We must improve our production, increasing efficiency, to prevent continued habitat conversion and reduce the threat of water scarcity, climate change and natural disasters
Food production is the main cause of deforestation and habitat destruction
Building a more productive future
And it means taking integrated planning approaches, bringing together communities, companies and governments, to make the most of our major landscapes.
Working with stakeholders across the food system to improve sustainable practices, restore degraded land and develop landscape-based approaches will ease the strain on nature. Improving traceability to increase transparency and accountability will also help, as will tackling the make-up of animal feed, because it’s not the just the food we grow for ourselves, but also the food animals eat, which impacts the planet.
What we're doing
In the coming decade, we want to see at least half of the area used for agriculture and aquaculture being sustainably managed, with no new areas being converted.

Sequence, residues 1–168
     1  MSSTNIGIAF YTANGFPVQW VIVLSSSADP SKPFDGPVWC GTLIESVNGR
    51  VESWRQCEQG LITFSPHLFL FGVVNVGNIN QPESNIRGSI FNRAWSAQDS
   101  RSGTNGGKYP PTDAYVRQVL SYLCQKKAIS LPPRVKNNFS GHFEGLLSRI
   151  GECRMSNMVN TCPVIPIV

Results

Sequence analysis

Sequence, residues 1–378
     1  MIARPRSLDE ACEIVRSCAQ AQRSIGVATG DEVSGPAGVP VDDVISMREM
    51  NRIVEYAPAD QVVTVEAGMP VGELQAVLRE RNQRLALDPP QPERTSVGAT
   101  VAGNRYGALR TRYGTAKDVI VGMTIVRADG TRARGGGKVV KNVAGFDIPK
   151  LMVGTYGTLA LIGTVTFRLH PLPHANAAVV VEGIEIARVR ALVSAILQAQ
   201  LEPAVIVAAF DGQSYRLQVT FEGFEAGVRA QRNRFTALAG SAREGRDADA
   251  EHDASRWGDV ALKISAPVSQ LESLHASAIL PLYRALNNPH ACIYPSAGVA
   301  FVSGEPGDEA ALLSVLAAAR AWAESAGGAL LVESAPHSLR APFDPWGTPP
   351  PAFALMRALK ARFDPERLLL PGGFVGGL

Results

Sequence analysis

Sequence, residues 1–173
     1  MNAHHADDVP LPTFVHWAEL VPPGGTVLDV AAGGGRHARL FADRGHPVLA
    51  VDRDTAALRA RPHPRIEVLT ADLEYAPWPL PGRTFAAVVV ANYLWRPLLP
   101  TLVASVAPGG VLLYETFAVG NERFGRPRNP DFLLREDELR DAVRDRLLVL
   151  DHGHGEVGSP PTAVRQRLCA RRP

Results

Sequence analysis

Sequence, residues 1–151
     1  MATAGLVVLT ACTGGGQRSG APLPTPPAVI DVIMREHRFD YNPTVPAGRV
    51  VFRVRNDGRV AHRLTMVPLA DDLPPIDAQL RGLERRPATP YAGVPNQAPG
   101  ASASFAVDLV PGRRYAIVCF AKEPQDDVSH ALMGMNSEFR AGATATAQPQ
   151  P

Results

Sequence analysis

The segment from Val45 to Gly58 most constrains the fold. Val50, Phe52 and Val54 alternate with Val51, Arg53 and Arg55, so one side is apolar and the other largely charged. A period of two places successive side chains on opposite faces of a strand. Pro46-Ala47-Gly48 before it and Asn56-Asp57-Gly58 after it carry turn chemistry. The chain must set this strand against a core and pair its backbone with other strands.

- Know where your food is from – ask grocers, butchers and fishmongers how they source their products
- Support businesses who are transparent about their ingredients and where they are from
- If a company refuses to use sustainable ingredients, think about buying a different brand!
- If you’re eating fish or meat, try to understand what the animal was fed – you are what you eat!
- Buy food which has been certified sustainable
- Support small and local farmers – and make sure you’re paying a fair price